How Facebook and Skype Could Become a 21st Century Telco

Last Updated Sep 30, 2010 10:52 AM EDT

Plenty of tech companies are making the leap into the business of mobile telephones, but so far that's mostly involved partnering with one of the giant carriers like Verizon (VZ) or At&T (ATT). But the news that Facebook and Skype are partnering on communications highlights the possibility of a new future, in which web-only services emerge as a powerful new brand of telco.

Kara Swisher broke the news about Facebook and Skype in All Things D yesterday morning. She reported that the pair is planning deep integration with SMS, vice chat and Facebook Connect. This comes just a week after it was reported that Facebook is secretly working on its own mobile operating system and possibly a phone. Clearly the social networking giant is eager to expand into communications.

I argued that Facebook should resist the temptation to build its own phone. That's an expensive and difficult process that would take it far outside its expertise in software. But an integration with Skype is another story. Integrating Skype would allow Facebook to capture a percentage of mobile voice calls without delving into hardware at all.

When I bought my new Android phone it automatically synced with my Gmail and Facebook accounts in order to add people to my contact list. Of my roughly 200 contacts, more than one third are simply Facebook friends for whom I have no cell phone number. There have been numerous occasions when I was frustrated with the realization that I couldn't call these folks. The integration with Skype could change all that.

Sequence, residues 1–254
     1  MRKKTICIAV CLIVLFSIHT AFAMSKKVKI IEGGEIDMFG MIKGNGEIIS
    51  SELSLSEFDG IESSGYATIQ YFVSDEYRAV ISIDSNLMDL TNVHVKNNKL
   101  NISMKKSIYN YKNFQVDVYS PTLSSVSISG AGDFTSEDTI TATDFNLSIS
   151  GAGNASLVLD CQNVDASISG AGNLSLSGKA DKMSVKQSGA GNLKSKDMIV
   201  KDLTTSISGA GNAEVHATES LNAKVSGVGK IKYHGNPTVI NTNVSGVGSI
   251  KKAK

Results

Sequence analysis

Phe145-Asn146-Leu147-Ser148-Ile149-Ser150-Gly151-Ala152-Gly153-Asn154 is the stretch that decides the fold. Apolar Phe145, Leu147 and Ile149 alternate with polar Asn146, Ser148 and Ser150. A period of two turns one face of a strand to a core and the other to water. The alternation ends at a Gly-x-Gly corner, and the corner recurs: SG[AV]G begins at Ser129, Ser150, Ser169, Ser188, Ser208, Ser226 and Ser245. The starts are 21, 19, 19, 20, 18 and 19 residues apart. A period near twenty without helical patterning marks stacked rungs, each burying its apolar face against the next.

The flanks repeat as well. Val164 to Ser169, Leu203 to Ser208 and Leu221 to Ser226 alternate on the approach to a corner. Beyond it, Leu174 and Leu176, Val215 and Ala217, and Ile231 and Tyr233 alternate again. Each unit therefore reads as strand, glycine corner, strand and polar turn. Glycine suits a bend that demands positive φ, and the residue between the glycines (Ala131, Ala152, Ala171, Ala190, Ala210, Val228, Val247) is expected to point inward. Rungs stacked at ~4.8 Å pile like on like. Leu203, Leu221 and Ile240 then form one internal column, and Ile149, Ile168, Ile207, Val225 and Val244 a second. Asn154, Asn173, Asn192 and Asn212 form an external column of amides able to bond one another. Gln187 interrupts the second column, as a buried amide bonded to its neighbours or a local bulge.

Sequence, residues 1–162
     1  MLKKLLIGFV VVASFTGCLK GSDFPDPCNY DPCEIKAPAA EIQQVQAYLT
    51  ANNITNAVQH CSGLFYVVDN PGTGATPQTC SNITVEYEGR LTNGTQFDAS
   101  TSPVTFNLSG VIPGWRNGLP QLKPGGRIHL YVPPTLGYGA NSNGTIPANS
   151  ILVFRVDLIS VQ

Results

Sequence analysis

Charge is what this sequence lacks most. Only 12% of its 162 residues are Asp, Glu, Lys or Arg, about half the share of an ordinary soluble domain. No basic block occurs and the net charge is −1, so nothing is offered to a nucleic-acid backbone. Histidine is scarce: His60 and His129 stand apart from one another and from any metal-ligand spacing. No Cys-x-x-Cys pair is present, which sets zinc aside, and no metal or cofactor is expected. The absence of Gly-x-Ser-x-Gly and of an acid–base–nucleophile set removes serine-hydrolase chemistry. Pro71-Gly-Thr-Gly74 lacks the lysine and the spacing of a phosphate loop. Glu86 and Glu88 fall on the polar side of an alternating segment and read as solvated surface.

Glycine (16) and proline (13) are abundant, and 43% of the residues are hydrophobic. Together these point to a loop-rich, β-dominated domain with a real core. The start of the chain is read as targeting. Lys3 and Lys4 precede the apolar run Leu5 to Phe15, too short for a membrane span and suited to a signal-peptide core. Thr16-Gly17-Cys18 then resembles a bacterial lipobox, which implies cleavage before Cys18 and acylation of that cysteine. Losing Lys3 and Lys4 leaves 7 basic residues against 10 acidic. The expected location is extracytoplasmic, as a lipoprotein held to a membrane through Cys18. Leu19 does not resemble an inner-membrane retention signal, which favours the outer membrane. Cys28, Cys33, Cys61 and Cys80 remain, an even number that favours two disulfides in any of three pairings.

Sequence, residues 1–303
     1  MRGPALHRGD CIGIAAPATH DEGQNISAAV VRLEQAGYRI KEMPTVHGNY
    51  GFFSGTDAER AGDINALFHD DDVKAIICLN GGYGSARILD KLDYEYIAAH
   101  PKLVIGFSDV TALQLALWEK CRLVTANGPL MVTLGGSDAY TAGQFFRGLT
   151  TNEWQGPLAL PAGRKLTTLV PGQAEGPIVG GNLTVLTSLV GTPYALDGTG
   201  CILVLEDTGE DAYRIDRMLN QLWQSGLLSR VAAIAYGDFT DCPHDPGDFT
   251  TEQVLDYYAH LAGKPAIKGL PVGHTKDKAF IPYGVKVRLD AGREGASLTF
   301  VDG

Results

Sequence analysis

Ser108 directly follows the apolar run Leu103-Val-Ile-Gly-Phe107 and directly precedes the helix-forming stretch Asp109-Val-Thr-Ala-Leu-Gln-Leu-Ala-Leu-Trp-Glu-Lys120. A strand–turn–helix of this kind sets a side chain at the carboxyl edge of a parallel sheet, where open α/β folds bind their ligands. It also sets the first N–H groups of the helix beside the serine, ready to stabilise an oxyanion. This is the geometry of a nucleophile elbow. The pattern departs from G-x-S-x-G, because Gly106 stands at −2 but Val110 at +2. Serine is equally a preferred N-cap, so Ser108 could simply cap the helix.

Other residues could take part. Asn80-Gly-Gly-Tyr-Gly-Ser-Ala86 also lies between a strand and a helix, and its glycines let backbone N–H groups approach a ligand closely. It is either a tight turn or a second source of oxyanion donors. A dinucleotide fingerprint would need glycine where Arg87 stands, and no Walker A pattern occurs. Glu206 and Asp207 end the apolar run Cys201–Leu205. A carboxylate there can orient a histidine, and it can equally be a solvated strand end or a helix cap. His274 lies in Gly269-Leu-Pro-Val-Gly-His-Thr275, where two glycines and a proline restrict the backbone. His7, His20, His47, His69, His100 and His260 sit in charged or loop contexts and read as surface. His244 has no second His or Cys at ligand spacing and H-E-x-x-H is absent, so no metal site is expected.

The two services have over 1 billion users combined, and while there is doubtless considerable overlap in those numbers, it's still a very impressive base. If launching a phone really is one of Facebook's goals, a partnership with Skype offers the potential for a disruptive, industry changing approach to the product. Imagine a dense urban center ten years from now where WiFi is a constant in homes, offices and public transportation. Facebook and Skype could potentially offer a mobile device with no contract and no carrier, powered only by your social network and voice over internet calling.

Image from Lauren Thought
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  • Ben Popper

    Ben Popper writes at the intersection of culture and technology. His work has been published in the NY Times, Washington Post, Fast Company, Rolling Stone, The Atlantic and many others. He lives at www.benpopper.com.